NEW LONDON, Conn. – The 146th matchup between Harvard and Yale heavyweight crews brought the usual test of endurance to the waters of New London's Thames River on Saturday. All four races – the varsity, junior varsity, freshman and combination eight – went to the Crimson, but the Bulldogs made them earn it with every stroke over four, three and two miles. With solid performances delivered by Yale against fast Harvard crews, all eyes are now on next week's IRA National Championship Regatta.
"All the way through, the guys absolutely gave full measure," said head coach Steve Gladstone. "The [varsity] rowed well, they rowed hard, and they rowed themselves out. We've got the national championships in front of us and it's a whole different event."
The main attraction came in the late afternoon as the Harvard and Yale varsity eights took their places at the starting line under the Gold Star Memorial Bridge. While in the past Yale has been known to jump out to an early lead at the start, this year both boats kept in close contact with each other. Harvard had a slight advantage off of the line, but as the Bulldogs settled into their rhythm they began to reel the Crimson back in.
For most of the first two miles the two crews battled back and forth with one another, Harvard making a move and Yale responding to hold even. Approaching the mile and a half mark the Crimson made a big push to take a half a boat length lead and slowly walked away from there.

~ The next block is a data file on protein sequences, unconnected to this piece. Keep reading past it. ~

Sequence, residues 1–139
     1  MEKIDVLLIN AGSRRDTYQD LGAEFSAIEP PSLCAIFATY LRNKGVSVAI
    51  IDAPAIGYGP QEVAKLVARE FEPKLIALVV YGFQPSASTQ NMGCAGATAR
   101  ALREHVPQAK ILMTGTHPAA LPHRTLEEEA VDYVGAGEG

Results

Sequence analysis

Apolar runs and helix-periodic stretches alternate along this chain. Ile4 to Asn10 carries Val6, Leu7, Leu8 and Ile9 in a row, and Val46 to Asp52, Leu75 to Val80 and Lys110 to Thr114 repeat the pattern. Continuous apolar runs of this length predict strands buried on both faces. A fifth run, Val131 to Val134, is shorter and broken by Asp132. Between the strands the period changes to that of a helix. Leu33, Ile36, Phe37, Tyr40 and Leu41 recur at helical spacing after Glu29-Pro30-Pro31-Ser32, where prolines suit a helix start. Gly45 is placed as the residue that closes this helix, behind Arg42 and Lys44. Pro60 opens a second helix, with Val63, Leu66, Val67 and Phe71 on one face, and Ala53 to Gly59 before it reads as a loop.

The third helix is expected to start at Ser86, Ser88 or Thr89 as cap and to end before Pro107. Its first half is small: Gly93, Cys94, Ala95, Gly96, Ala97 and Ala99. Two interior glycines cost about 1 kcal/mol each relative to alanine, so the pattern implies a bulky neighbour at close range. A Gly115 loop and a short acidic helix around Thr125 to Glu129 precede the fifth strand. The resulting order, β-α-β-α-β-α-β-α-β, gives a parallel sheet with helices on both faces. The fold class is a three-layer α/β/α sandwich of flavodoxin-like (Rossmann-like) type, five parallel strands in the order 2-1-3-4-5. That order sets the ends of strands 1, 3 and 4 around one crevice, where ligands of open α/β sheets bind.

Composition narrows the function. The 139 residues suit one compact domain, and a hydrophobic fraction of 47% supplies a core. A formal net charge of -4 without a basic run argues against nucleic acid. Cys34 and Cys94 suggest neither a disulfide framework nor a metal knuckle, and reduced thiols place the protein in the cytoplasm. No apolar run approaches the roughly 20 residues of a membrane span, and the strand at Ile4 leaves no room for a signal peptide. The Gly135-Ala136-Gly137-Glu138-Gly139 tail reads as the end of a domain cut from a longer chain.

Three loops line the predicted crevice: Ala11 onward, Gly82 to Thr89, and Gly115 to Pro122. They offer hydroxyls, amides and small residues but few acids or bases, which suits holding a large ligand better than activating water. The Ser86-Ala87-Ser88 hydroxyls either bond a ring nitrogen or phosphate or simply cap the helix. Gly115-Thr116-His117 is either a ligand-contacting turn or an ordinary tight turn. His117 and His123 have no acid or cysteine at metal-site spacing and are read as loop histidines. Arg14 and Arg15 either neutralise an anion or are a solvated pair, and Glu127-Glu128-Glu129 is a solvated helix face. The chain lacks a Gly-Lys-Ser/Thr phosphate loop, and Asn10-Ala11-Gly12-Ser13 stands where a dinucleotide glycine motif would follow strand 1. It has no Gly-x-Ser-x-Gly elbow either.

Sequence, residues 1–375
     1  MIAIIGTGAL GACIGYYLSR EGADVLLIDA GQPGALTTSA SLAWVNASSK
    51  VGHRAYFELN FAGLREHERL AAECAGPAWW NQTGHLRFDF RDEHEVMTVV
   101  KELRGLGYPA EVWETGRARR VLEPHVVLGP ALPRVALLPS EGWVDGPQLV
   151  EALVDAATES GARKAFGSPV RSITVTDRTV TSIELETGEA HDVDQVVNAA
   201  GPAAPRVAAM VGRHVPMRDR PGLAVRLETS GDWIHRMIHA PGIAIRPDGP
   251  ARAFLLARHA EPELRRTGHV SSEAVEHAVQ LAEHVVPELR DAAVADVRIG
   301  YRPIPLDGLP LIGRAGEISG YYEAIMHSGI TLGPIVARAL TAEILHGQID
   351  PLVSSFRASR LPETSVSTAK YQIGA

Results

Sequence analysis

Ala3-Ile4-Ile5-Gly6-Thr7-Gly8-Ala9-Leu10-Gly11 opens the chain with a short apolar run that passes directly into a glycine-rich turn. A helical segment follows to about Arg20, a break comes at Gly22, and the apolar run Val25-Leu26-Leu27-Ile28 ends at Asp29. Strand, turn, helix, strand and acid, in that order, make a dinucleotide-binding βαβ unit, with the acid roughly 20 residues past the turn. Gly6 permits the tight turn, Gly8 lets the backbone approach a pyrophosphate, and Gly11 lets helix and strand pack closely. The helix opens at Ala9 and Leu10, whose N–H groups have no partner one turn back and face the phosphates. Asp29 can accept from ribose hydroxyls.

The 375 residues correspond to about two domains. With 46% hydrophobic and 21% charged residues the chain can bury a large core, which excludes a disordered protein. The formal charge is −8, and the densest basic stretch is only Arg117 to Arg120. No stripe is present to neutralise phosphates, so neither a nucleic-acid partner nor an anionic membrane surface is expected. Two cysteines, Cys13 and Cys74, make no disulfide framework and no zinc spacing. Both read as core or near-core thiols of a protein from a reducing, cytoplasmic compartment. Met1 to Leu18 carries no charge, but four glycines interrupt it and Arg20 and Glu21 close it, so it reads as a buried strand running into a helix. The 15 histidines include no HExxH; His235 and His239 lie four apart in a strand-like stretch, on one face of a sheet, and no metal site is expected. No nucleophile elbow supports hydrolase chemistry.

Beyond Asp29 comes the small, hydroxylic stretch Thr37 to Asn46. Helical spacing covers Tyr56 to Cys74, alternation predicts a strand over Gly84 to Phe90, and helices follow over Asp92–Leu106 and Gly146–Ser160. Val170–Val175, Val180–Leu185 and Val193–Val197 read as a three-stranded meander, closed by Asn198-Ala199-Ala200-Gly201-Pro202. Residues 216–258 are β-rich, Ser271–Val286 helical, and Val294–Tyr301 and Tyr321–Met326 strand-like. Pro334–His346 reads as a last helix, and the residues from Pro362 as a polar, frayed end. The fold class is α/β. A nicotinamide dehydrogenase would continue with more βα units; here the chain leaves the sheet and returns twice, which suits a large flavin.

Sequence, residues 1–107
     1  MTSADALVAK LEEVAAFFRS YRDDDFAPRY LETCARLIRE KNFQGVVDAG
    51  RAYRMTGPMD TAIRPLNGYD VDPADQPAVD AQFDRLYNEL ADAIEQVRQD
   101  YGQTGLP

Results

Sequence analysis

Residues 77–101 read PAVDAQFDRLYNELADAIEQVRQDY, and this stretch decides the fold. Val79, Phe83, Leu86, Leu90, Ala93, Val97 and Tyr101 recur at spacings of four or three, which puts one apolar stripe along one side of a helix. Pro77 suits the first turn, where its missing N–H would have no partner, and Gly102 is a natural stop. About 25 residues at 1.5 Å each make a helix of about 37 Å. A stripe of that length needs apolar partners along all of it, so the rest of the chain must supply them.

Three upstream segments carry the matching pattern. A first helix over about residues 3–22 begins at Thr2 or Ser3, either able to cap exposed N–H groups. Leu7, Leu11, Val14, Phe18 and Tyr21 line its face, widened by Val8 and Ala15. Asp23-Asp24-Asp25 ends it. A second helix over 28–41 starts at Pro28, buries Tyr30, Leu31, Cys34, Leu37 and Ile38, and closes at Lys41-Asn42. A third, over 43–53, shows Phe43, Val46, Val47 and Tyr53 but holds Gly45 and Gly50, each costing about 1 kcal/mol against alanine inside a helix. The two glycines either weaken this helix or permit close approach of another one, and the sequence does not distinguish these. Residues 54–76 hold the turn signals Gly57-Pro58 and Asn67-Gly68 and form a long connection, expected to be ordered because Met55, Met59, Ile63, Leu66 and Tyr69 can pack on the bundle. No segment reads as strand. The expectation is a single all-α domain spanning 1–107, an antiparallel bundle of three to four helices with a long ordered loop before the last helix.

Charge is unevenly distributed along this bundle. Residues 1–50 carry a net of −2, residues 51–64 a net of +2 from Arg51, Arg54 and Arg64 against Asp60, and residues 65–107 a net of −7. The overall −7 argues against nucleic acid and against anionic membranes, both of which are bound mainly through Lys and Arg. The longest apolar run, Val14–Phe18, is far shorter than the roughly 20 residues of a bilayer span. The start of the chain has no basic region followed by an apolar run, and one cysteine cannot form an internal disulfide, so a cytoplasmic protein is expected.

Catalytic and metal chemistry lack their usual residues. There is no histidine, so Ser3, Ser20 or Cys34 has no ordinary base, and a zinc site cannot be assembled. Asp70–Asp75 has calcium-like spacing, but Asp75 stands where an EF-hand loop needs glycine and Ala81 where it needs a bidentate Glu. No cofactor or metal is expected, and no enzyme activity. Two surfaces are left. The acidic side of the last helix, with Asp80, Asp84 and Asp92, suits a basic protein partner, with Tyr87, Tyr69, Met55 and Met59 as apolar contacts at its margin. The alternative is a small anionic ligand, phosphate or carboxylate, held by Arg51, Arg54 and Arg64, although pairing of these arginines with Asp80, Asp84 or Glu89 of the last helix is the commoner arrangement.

"I'm proud of the guys," said captain Derek Johnson. "I'm proud of the way that they rowed, and I just wish we could squeeze another centimeter out of every stroke. I know that moving into the future Coach Gladstone is going to be able to squeeze that centimeter out of each guy and each boat."
Traditionally Gales Ferry has been the last stop for the Yale heavyweights. For the second year in a row now, the race has been contested before the national championships. At four miles the Harvard-Yale Regatta is both a classic in the sport of rowing as well as one of the longest races in the sport. Next week Yale will go back to racing two thousand meters (or roughly 1.25 miles) on the Cooper River in Camden, N.J. That Yale was able to stick with Harvard for the first mile and a half to two miles on Saturday is a good indication that the Bulldogs will be able to finish out the season strong.
Earlier in the day the Crimson took the junior varsity and freshman eight races. Harvard also won the combination eight, made up of third varsity and second freshman eight rowers, contested on Friday.
Junior Varsity Eight
Report filed by Yale Sports Publicity